It is a moral shame that seven decades after Independence, we still have millions of people living in poverty. We need to fight this. We should not be distracted by false metrics.
My finances were in such a mess.
I said, “I demand an Amit cess.”
A gentleman named Shah
Said, “Arre bhaiyya, wah.
Super idea, I must confess.”
Tom Friedman has defended Aadhaar.
He said, “Facebook has your data, yaar.”
Oh, what a clueless gent.
Facebook has our consent,
And consent must be our guiding star.
My finances were in such a mess.
I said, “I demand an Amit cess.”
A gentleman named Shah
Said, “Arre bhaiyya, wah.
Super idea, I must confess.”
Tom Friedman has defended Aadhaar.
He said, “Facebook has your data, yaar.”
Oh, what a clueless gent.
Facebook has our consent,
And consent must be our guiding star.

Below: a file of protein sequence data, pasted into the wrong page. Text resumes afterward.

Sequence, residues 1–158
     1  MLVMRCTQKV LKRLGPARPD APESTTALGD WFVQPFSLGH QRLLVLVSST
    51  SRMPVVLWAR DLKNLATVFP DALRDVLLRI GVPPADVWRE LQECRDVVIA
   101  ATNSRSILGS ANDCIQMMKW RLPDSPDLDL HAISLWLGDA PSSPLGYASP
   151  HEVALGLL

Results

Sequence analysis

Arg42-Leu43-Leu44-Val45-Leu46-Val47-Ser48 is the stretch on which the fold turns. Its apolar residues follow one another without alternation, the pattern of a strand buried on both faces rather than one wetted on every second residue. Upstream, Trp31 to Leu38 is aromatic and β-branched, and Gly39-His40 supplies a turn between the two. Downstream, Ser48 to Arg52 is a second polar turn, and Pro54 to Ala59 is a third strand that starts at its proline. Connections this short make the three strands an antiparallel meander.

The Karni Sena kicked up a fuss.
Their boss said, “No one listens to us.
Our protests were a flop.
But now we cannot stop.
Let us go and attack a school bus.”
Jaitley told Modiji, with much dread,
“A massive jobs crisis lies ahead.
There’ll be no bread to eat.”
Modiji said, “That’s neat.
Just let them eat pakodas instead.”
Modiji found himself in full flow.
Netanyahu said, “Please take it slow.
You are a handsome man.
I am a massive fan,
But please don’t give me more jhappis, bro.”
Donald Trump hooked up with a porn star.
There was much outrage in the bazaar.
The Karni Sena said,
“We demand Stormy’s head
And that Donald should commit Jauhar.”
I told the bartender, with a wink,
“One Old Monk.” Now he began to think.
He looked me up and down,
And told me, with a frown,
“I can see that, but what will you drink?”
Four Supreme Court judges met the press.
They said, “Everything is such a mess.
We just don’t understand
What that Virat has planned.
Cricket is causing us so much stress!”
Sita Sings the Blues: The Greatest Break-Up Story Ever Told
Dev.D doesn't flinch from depicting the individual’s downward spiral
9 across: Van Morrison classic from Moondance (7)
6 down: Order beginning with ‘A’ (12)